Partial knee replacement surgery involves replacing only part of the joint. A native knee joint has three compartments – the medial compartment (inner side of the knee), the lateral compartment (outer side of the knee), and the patellofemoral compartment (behind the knee cap). If one of the three compartments is significantly worn out due to arthritis, but the other two are very well preserved, partial knee replacement can be considered. Partial knee replacement involves replacing just one compartment out of the three. The components are made of alloys of cobalt and chromium for femur and tibia and a special plastic in the middle.
– Quicker recovery in the initial post-operative phase: Initial recovery period is approximately 3 to 4 weeks in most cases as compared to 6 to 8 weeks for total knee replacement
– Better range of motion: Most patients get 120 degrees of flexion or more after a partial knee replacement as compared to an average of 100-110 degrees of flexion after total knee replacement.
– Survivorship: Average survivorship of partial knee replacement is in the range of 8-10 years. Generally after this period, either the rest of the knee joint develops progressive arthritis or components loosen/wear out, necessitating a total knee replacement surgery
– Ongoing pain/lack of full function: Some patients complain of ongoing pain or lack of full function after partial knee replacement due to some pre-existing arthritis in the other two native compartments of the knee joint.
I choose my patients very carefully for partial knee replacement in order to achieve a successful outcome. This is done by careful history taking, focussed clinical examination, and appropriate investigations. Investigations can include X-rays and occasionally MRI scans. In some cases, knee arthroscopy procedure may need to be carried out to assess the degree of arthritis in the joint and determine the suitability for partial knee replacement.
Physiologically young patients are best suited for this type of procedure; however, age is not the absolute criterion for partial knee replacement surgery.
The most commonly performed partial knee replacement involves replacing the medial compartment (inner part of the knee). Due to the biomechanics of the knee joint, the medial compartment of the knee develops progressive arthritis ahead of the other two compartments in the vast majority of the patients. Very occasionally, partial knee replacement of either the lateral compartment (outer part of the knee) or of the patellofemoral compartment (behind the knee cap) can be considered.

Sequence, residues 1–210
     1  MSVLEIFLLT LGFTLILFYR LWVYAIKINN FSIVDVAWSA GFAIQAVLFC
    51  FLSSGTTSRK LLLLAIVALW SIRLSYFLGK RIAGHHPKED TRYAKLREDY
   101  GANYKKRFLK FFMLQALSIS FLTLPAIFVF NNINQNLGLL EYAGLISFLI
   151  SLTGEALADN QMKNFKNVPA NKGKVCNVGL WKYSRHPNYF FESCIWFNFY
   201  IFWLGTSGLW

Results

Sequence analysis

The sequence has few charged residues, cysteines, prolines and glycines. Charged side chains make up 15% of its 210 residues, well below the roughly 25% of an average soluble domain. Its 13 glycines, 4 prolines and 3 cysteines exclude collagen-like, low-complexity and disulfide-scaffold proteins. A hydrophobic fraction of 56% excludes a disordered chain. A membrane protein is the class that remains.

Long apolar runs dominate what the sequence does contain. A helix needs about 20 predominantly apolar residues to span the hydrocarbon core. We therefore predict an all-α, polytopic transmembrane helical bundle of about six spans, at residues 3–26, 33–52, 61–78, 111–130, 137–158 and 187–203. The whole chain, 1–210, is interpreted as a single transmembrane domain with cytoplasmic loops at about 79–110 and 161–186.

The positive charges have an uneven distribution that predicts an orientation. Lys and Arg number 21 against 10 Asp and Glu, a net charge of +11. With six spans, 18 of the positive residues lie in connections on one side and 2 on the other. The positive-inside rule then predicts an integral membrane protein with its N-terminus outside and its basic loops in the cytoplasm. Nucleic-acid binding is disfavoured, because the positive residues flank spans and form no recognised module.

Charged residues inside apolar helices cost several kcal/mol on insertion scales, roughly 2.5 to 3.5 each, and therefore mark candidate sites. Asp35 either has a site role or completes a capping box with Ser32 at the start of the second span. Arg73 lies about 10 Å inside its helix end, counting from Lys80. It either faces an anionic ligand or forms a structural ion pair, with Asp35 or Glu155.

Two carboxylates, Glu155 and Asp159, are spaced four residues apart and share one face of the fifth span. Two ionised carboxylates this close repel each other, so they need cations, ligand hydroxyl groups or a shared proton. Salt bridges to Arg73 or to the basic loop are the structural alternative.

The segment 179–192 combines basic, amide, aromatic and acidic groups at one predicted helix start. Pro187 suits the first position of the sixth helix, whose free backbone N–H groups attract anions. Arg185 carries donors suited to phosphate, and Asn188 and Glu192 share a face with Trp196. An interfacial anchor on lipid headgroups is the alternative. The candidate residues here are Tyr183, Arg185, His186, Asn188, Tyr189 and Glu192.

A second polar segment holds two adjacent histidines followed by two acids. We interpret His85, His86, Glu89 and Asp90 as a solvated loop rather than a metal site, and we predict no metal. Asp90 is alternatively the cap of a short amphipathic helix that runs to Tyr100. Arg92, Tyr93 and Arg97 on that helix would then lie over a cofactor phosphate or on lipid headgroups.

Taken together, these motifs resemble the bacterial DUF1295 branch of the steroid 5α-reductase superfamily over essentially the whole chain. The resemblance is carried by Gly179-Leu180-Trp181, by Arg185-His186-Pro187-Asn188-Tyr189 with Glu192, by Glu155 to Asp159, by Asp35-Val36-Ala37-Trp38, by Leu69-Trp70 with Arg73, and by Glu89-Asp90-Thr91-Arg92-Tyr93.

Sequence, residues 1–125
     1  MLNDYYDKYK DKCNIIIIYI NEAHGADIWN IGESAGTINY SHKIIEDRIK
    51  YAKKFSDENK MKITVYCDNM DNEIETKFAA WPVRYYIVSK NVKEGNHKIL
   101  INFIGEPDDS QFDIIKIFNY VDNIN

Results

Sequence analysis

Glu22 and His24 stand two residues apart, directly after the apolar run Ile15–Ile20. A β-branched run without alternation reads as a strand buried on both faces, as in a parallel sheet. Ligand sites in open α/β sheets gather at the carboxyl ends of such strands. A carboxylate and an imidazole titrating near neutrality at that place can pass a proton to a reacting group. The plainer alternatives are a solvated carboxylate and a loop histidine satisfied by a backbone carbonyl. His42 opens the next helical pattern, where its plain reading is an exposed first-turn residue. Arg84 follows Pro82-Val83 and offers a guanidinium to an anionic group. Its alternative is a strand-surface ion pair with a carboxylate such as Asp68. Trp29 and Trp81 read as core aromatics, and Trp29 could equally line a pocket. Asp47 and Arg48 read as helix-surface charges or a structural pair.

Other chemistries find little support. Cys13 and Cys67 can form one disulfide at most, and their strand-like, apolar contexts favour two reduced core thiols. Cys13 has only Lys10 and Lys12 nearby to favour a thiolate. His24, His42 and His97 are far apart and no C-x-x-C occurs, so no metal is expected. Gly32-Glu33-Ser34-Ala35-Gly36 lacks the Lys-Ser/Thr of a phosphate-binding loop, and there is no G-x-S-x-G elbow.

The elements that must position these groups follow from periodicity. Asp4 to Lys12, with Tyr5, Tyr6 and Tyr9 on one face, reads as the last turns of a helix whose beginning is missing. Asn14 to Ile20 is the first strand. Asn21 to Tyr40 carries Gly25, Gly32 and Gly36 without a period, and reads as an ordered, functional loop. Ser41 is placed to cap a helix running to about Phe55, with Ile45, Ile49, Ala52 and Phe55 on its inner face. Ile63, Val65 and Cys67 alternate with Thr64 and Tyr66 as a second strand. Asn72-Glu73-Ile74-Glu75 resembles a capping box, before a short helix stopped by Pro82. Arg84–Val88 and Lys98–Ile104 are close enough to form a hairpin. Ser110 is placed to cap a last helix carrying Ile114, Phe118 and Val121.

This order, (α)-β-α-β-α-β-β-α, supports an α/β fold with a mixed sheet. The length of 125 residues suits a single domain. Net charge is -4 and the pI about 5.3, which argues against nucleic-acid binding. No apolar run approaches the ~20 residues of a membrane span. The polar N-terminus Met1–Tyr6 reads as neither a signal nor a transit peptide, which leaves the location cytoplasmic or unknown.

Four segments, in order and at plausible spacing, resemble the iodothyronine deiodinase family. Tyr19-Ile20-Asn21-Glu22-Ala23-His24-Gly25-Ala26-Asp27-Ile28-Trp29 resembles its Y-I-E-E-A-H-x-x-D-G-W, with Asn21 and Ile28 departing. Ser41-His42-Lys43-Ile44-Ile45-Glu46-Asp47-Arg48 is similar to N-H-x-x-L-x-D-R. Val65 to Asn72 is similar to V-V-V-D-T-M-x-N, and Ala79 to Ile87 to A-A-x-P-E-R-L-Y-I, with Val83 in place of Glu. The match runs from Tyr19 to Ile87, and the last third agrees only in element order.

Based on how the bearing surface is fixed on to the components, partial knee replacement can be mobile-bearing or fixed bearing. However, studies have not shown any significant difference in clinical outcomes between the two types of knee replacement. In my practice, I use fixed bearing partial knee replacement.
Overall, partial knee replacement is a very successful operation in modern-day surgery. In my practice, the success rate of a partial knee replacement is around 85-90%. Pain relief and improvement in the quality of life is substantial in the vast majority of patients. Partial knee replacement helps patients maintain an active life including sporting activities.
Risks of partial knee replacement include infection (around 1%), bleeding, DVT (clots in your leg), PE (clots in your lung), stiffness, loosening, wear, persistent pain (around 2-3%), need for further surgery, medical and anesthetic complications. Precautions are taken in order to minimize all the above risks e.g. use of antibiotic prophylaxis and specialized laminar airflow theatres to minimize the risk of infection, use of blood-thinning medications, and mechanical methods to reduce the risk of clots, etc. Post-operative exercises are extremely important to gain/maintain a good range of flexion after the surgery.
You are generally admitted to the hospital on the day of surgery. The average length of stay in the hospital is 2-3 days. During the hospital stay, a multi-disciplinary team including an orthopaedic team, ward doctor, nursing staff, physiotherapist, and occupational therapist, treats you. Once you and the team are happy with the progress, you are discharged from the hospital.
Post-operative mobilization includes the use of walking aids like walkers or crutches, to begin with. You can subsequently use the walking stick/s until independent mobility can be achieved. Most patients can hope to regain independent mobility after 3-4 weeks.
You can expect some swelling and redness around the wound and of the lower leg for a few weeks. Generally, by 6 to 12 weeks, nearly full recovery can be expected in most patients. Most patients can expect to drive around 3-4 weeks mark.
Currently, my preferred implants are PFC Sigma Higher-Performance Partial Knee System (manufactured by Depuy Synthes).
BMI The Lancaster Hospital
Phone: 01524 62345 (switchboard), 01524597591 (secretary)
08081010337 (National Enquiry Centre)
Spire Fylde Coast Hospital
St Walburgas Road,
Blackpool, FY3 8BP
Phone: 01253923034 (switchboard),
01253923944 (self pay enquiries)
07875073139 (Jayne Mann – private secretary)